This depends on the specific circuit. Generally speaking, if you know the resistance and the current in the equilibrium state, the voltage drop can be calculated. The maximum voltage drop of the polymer self-resetting fuse is calculated using the resistance R1max; the typical voltage drop can be the resistance Rmax or the average value of Rmin and R1max if Rmax is not provided. If Iop is the normal operating current and Rps is the resistance of the polymer resettable fuse (R1max, (Rmax or (Rmin + R1max)/2)), the voltage drop on the polymer resettable fuse in the circuit is: Vdrop = Iop x Rps

Can polymer resettable fuses be used in series?

This has no practical meaning. Because there is always one that will act first, and the others will not protect the circuit.

How to calculate the resistance of polymer resettable fuse operating state?

The resistance of the polymer self-recoverable fuse operating state depends on the specific type and the voltage and power on it. It can be calculated by the following formula: Rt = V2/Pd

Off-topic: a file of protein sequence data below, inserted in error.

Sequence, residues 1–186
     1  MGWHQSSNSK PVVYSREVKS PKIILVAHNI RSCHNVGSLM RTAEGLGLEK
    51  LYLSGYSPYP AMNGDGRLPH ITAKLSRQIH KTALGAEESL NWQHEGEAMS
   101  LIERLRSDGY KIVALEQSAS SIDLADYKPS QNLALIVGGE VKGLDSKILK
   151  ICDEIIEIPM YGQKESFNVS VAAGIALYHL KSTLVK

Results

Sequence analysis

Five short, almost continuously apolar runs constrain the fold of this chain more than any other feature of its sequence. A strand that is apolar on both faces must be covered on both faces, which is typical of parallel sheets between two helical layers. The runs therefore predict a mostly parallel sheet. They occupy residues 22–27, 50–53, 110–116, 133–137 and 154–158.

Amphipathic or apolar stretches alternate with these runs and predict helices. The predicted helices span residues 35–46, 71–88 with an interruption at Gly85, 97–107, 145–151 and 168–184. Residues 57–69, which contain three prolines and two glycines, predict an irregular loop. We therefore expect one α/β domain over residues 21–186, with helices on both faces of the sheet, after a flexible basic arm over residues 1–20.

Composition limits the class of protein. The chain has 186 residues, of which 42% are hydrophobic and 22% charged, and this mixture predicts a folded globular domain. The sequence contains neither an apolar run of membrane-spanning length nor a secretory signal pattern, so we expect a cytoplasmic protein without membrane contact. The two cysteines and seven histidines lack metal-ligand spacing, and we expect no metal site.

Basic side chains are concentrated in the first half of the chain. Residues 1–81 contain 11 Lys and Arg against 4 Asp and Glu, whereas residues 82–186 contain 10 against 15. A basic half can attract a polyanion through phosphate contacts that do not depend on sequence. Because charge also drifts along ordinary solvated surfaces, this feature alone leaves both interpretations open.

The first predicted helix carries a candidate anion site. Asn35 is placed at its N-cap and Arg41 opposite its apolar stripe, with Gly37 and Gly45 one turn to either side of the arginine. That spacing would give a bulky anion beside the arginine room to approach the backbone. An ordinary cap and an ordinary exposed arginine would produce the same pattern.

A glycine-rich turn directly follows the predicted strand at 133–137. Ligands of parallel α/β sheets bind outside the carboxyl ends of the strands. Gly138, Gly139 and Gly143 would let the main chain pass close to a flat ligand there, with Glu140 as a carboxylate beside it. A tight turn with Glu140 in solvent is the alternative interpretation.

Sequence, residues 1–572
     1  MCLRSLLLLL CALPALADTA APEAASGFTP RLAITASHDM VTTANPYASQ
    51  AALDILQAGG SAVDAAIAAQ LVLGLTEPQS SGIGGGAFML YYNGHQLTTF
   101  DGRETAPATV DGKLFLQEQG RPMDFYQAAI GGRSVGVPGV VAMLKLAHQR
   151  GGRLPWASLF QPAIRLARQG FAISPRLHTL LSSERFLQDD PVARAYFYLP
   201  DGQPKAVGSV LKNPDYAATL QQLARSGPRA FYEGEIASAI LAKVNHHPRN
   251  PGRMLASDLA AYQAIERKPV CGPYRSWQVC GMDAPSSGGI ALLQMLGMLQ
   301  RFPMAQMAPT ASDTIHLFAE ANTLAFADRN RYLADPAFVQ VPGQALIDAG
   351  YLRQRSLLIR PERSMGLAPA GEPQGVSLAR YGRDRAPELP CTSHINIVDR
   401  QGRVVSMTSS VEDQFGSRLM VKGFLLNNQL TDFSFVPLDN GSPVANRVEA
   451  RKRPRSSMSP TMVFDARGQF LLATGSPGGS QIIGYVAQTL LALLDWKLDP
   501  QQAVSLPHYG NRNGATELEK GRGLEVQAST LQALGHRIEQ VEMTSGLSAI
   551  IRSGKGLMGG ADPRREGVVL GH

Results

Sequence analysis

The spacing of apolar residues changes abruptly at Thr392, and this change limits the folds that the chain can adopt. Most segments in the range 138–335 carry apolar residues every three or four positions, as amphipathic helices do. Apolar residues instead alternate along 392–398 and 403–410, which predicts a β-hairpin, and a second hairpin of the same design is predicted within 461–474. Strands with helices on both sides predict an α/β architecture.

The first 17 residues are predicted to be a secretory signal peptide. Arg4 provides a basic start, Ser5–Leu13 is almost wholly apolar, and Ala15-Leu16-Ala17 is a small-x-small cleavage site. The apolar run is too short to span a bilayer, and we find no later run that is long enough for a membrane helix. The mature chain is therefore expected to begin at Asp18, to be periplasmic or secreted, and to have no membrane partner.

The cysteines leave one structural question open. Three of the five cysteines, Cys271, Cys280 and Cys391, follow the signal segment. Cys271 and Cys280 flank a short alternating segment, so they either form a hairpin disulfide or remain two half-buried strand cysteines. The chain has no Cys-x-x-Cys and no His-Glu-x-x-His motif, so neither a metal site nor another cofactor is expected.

How many times can the polymer resettable fuse operate under the maximum voltage and impulse current?

Each polymer resettable fuse has a specific working voltage and withstands a specific impulse current. UL stipulates that the polymer resettable fuse must still show the PTC effect after 6,000 operations. The SN/SF polymer resettable fuse used in communication equipment stipulates that its various performance parameters are still within the original range after at least a dozen or as many as hundreds of actions under the maximum voltage. Designers should recognize this point: Polymer resettable fuses are used for protection, not for situations where their non-stop action is regarded as a normal working state.

How soon can the polymer resettable fuse be restored after it is activated?

The time taken for the polymer self-resetting fuse to return to its low resistance state after the action is affected by the following factors: the type of polymer self-resetting fuse; how it is mounted or fixed; the ambient temperature; the internal cause and duration of the action. Generally speaking, although many will recover within a few seconds, most polymer resettable fuses will recover within a few minutes.